String Quartet No.2 in A Major, Op.50
Joseph Jongen's String Quartet No.2 was composed in 1916 while he was living in England, having left his native Belgium after the Germans invaded in 1914. It was premiered with considerable success in London in 1917 and remained in the repertoire of English and Belgium quartets for several years after the war before inexplicably fading from sight.
Joseph Jongen (1873-1953), on the strength of an amazing precocity for music, entered the Liege Conservatory (in Belgium) at the extraordinarily young age of seven where he spent the next sixteen years. The admission board was not disappointed. Jongen won a First Prize for Fugue in 1891, an honors diploma in piano the next year and another for organ in 1896 . In 1897, he won the prestigious Grande Prix de Rome which allowed him to travel to Italy, Germany and France. He began composing at the age of 13 and immediately exhibited extraordinary talent. By the time he published his opus one, he already had dozens of works to his credit.
Twenty two years separate the Second Quartet from his earlier work and as one might expect, Jongen's style had undergone considerable change during that time. While First Quartet, structurally, shows the influence of Cesar Franck, especially, in the use of cyclic motifs, this is completely gone in the later work. The opening movement, Allegro moderato, begins with a searching theme in the cello. Both the accompaniment and the development of the melody show the influence of Debussy. The second theme, is played in unison by all voices and is loud and thrusting, but what follows is an uncertain, melancholy tune. Underlying it all, there is a nervous tension. The main theme to the middle movement, a Lento, is a mysterious, lethargic and muted. To a repeated rhythmic accompaniment a kind of Gaelic melody is gradually released. The middle section is more energetic without become dramatic. The finale, Molto vivo, has an appealing, upbeat melody first introduced by the viola for its main theme. It sounds rather English and perhaps was a tip of the hat to his host country. The second theme is a kind of restless traveling music.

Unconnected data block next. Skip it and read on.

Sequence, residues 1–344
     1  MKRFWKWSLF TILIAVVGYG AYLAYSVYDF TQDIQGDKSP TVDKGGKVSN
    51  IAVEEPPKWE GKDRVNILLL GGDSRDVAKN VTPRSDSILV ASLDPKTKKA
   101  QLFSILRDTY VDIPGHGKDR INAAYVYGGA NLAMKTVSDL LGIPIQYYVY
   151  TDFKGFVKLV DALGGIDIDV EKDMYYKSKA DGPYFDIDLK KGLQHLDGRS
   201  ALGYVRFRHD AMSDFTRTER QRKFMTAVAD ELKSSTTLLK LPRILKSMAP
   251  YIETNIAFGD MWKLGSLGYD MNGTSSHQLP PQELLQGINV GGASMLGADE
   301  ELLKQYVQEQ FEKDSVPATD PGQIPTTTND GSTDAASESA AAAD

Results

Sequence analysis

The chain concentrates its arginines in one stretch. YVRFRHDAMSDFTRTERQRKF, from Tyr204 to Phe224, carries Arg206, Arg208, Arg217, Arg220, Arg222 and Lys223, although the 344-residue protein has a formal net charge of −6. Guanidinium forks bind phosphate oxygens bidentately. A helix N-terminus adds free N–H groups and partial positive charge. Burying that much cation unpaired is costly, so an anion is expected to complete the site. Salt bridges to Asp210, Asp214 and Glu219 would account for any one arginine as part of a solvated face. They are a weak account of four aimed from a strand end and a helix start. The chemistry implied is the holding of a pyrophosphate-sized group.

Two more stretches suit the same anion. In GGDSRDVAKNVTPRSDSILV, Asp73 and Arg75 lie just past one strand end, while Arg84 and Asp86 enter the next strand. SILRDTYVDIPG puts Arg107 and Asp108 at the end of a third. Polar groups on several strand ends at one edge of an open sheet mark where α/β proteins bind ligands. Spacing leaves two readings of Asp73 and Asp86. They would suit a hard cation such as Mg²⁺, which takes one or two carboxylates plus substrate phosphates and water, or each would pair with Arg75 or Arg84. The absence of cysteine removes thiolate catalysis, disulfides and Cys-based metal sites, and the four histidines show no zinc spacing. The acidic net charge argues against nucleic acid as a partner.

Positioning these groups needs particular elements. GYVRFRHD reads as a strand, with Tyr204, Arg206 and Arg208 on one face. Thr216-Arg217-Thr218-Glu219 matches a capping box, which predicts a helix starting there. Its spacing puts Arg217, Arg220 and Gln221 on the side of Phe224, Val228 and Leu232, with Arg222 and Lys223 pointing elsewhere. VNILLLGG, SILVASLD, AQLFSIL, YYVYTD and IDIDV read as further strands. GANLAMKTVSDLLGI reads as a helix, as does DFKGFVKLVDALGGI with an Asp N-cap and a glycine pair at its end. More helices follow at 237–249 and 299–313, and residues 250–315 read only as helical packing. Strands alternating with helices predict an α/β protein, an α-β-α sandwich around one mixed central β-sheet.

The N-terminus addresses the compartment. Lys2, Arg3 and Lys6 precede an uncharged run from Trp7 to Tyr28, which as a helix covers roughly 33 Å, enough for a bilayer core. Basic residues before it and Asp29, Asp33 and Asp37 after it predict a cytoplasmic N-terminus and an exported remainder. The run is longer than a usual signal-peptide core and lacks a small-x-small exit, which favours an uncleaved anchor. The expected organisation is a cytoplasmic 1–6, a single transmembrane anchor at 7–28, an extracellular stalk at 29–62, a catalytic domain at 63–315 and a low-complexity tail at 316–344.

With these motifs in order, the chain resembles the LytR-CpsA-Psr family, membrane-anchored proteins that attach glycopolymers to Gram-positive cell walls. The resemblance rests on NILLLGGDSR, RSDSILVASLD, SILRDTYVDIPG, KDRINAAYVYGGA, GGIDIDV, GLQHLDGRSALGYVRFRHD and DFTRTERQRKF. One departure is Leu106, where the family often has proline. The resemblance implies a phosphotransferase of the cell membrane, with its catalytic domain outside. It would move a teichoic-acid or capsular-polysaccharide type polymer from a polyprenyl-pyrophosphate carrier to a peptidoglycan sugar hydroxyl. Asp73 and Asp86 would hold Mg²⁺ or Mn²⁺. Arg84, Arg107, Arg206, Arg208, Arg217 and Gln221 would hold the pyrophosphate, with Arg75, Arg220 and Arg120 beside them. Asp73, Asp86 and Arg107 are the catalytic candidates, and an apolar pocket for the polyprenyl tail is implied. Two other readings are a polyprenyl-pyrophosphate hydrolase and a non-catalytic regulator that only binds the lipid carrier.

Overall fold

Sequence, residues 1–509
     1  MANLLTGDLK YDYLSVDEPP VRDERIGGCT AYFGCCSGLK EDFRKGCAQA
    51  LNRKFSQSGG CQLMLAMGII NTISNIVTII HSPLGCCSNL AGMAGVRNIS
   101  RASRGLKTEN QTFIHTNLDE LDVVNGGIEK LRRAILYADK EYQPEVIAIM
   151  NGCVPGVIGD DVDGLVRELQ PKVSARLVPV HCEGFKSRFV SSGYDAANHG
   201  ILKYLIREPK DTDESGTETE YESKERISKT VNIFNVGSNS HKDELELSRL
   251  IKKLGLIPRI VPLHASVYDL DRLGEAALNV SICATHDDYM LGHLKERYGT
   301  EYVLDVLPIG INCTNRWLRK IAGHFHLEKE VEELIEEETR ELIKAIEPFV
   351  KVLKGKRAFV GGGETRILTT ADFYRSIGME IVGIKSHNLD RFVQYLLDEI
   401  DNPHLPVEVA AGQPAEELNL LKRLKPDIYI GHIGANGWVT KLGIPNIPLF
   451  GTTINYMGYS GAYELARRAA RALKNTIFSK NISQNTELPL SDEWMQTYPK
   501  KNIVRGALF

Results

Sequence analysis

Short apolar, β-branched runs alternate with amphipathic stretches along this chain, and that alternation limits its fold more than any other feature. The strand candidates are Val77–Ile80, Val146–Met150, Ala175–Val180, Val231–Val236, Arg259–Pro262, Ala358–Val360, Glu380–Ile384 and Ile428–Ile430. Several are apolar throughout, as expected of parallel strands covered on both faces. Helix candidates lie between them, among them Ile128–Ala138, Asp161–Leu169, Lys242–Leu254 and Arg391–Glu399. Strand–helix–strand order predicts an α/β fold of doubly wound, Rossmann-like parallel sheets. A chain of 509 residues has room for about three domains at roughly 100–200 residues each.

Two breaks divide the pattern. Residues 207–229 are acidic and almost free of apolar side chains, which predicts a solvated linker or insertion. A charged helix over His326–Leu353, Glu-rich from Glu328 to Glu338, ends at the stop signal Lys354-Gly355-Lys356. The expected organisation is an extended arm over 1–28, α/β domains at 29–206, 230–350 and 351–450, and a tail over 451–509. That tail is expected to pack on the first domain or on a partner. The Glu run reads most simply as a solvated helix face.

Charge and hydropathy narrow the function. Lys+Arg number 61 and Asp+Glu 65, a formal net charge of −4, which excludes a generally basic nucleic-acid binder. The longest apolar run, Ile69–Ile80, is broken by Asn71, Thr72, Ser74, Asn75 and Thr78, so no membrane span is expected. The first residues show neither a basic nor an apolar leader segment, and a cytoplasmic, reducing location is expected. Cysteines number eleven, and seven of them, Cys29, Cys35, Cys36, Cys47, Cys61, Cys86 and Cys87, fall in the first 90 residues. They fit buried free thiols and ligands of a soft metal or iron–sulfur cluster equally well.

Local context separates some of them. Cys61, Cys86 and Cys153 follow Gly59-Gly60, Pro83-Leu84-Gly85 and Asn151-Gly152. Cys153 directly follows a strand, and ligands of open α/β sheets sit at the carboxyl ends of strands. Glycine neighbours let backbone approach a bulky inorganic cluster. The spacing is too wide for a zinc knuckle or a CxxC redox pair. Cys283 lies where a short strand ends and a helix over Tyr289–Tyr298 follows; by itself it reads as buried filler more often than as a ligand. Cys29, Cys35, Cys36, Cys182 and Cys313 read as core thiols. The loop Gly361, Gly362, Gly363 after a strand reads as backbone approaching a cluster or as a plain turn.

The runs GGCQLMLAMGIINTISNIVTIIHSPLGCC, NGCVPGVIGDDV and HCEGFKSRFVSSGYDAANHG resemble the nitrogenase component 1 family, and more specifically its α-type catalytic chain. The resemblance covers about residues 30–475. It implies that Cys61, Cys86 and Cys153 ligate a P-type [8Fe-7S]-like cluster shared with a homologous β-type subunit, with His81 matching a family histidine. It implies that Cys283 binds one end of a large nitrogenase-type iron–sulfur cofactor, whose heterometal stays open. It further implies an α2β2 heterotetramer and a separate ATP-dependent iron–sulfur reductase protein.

This is a big, first rate work which absolutely belongs in the repertoire and is an exciting alternative to either the Debussy or Ravel quartets. Experienced amateurs will also enjoy playing it.